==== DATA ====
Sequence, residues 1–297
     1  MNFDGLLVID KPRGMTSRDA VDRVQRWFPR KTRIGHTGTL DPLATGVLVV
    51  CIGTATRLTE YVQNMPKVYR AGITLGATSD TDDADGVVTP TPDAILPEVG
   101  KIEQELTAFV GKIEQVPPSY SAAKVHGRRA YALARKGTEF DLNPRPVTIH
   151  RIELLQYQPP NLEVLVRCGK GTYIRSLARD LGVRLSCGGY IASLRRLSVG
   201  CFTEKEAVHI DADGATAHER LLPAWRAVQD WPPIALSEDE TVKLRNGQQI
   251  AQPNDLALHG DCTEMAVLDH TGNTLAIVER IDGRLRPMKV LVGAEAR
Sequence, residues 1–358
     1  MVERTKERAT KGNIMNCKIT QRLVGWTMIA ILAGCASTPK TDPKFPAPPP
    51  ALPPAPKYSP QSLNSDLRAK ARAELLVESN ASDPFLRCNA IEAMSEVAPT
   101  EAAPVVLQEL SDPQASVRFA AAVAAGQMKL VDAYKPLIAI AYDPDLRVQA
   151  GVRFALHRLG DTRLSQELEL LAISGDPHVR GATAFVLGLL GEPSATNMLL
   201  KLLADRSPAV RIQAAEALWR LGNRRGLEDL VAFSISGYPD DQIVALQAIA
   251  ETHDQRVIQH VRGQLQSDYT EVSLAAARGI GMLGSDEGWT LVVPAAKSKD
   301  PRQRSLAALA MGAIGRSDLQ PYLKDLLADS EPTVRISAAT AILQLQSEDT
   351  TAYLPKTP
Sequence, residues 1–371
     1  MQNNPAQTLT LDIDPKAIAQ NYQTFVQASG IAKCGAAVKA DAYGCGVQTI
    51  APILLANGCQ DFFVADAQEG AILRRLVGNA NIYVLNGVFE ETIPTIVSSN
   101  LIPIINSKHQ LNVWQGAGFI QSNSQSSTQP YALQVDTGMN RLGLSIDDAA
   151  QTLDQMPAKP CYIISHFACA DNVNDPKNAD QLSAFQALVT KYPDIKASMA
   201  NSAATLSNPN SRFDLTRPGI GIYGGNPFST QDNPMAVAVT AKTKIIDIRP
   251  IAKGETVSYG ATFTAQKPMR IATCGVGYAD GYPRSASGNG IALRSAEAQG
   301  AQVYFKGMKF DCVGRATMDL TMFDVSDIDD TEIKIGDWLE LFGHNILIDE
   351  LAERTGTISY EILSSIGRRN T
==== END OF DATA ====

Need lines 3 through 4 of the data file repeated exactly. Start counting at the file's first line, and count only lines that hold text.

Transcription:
    51  CIGTATRLTE YVQNMPKVYR AGITLGATSD TDDADGVVTP TPDAILPEVG
   101  KIEQELTAFV GKIEQVPPSY SAAKVHGRRA YALARKGTEF DLNPRPVTIH